POLITICS

California pension fund loses millions on green tech: ‘A noble way to lose money’

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Politics,Beltway Confidential,Michal Conger

California’s public employee pension system has lost millions of dollars on its green investments, which a top investment officer for the fund called “a noble way to lose money.”

Joseph Dear, CalPERS’ chief investment officer, made the comments at the Wall Street Journal’s ECO:nomics conference this week, where he said the pension fund has pulled back on its clean energy investments to avoid losing even more.

“We’re all familiar with the J-curve in private equity. Well, for CalPERS, clean-tech investing has got an L-curve for ‘lose,’ Dear told the conference, the Sacramento Bee reported. “Our experience is that this has been a noble way to lose money. And we’re not here to lose money. We have dialed back.”

CalPERS has $900 million invested in clean tech, which has seen an annualized return of negative 9.7 percent, the Washington Free Beacon reports.

Those losses are ultimately passed on to taxpayers, who pay for public workers’ pensions.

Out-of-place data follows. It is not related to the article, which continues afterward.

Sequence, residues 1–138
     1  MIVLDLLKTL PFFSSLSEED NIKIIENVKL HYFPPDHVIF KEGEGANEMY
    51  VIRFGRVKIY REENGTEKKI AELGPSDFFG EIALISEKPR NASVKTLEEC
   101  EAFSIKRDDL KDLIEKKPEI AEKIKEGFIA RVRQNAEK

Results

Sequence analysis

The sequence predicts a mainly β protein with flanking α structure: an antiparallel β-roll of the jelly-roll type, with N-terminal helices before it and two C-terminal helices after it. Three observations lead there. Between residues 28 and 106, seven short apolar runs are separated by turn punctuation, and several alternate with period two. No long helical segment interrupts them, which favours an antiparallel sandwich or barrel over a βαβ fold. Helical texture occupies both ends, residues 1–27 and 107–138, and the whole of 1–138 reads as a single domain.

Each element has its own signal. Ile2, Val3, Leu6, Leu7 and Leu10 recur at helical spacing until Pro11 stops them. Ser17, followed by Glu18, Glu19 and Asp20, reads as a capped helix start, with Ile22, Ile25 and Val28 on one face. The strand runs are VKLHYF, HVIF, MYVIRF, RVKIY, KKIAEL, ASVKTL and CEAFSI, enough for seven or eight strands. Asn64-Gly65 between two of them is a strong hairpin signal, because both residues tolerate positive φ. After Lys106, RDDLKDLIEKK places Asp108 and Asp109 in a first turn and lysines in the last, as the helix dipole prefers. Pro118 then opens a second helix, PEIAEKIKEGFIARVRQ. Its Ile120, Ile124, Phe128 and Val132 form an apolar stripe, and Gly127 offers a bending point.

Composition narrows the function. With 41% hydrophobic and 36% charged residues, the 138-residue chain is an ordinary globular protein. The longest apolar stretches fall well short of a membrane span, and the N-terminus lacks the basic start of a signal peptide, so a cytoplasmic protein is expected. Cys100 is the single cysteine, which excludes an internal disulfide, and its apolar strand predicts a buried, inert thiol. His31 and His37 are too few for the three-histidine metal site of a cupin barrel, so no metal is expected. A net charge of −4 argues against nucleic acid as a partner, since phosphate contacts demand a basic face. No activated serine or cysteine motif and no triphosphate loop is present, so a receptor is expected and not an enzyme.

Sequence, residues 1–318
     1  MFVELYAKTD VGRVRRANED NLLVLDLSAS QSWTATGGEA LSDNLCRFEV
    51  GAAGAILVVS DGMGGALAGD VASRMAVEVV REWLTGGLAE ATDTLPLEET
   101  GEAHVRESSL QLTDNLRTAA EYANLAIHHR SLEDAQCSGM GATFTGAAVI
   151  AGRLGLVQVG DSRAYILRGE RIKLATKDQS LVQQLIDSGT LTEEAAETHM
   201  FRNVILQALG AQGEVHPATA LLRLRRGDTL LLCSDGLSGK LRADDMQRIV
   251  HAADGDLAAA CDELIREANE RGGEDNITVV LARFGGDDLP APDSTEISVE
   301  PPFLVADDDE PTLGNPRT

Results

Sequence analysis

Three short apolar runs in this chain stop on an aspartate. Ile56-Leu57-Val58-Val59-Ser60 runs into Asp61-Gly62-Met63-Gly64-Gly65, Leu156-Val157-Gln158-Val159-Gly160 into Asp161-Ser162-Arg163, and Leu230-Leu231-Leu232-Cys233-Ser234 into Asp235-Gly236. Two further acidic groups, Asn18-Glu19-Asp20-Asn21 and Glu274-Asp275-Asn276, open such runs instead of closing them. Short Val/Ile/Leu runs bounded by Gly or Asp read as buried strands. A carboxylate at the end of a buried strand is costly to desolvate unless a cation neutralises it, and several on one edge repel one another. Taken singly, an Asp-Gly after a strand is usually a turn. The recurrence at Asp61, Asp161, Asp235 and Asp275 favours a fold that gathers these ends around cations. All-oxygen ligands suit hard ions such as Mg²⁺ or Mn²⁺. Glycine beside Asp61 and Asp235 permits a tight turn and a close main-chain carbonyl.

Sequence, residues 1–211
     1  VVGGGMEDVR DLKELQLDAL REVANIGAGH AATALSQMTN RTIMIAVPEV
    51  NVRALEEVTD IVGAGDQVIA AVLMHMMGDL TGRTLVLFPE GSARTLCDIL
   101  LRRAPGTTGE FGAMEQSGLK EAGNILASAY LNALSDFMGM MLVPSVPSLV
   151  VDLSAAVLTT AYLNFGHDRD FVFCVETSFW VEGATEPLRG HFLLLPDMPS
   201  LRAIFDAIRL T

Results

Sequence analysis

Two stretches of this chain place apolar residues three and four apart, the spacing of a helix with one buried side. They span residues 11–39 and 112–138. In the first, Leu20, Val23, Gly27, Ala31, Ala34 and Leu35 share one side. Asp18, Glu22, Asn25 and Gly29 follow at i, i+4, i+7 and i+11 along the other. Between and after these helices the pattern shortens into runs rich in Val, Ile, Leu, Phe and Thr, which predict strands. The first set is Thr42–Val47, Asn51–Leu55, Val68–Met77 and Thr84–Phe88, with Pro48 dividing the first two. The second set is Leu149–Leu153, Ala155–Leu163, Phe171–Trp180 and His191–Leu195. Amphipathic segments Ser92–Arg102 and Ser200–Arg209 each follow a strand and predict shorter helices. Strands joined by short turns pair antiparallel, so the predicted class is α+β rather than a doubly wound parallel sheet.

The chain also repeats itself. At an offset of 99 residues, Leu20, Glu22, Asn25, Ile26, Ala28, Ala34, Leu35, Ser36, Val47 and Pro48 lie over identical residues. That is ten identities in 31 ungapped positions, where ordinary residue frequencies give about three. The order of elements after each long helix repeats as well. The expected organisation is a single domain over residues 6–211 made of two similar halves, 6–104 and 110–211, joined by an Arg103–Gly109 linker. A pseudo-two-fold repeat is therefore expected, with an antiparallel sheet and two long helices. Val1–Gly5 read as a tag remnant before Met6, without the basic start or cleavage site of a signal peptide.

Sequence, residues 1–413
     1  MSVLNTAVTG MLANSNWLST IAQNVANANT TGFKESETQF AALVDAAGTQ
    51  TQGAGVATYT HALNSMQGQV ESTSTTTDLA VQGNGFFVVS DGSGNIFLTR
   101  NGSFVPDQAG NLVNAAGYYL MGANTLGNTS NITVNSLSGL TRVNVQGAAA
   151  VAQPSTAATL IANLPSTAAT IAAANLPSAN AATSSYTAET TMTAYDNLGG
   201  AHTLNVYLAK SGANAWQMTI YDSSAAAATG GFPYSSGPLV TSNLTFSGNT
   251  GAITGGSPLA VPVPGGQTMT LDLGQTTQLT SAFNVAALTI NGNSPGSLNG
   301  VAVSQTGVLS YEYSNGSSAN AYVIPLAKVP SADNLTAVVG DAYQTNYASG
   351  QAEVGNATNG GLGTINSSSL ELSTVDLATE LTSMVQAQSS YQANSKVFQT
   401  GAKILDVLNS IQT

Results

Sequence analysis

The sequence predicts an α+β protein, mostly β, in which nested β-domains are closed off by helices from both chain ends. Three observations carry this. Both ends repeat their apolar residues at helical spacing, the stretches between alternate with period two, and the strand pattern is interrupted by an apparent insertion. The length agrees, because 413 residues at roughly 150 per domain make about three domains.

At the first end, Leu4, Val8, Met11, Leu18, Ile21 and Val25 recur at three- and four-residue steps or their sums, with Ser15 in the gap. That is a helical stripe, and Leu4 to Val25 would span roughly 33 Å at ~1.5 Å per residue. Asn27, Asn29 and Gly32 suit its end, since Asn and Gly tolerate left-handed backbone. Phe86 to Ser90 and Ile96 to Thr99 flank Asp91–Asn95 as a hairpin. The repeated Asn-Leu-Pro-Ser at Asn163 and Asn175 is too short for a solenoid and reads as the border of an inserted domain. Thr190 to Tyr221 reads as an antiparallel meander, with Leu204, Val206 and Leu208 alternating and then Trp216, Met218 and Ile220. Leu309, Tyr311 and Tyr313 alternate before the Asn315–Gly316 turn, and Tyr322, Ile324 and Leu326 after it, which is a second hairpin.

The fund recently reduced its target return on investments from 7.75 percent to 7.5 percent and is considering hiking contribution rates on employers to recoup $100 billion lost on stock investments during the recession.

CalPERS also decided in February to divest its holdings in gun manufacturers, following a move similar to several other public pension funds and urged by Chicago Mayor Rahm Emanuel.

CalPERS’ decision to pull out of profitable gun manufacturers while investing in failing green energy has caused some to say the fund is making politically-motivated investment decisions, according to the Free Beacon.

“One of the fundamental problems with governments holding large investment portfolios is the potential for those investments to be influenced by politics rather than sound finance strategy,” Jason Richwine, a senior policy analyst at the Heritage Foundation, told the Free Beacon.

“Administrators can risk money on ‘noble’ investments, all the while knowing that their losses are covered by taxpayers,” he added.

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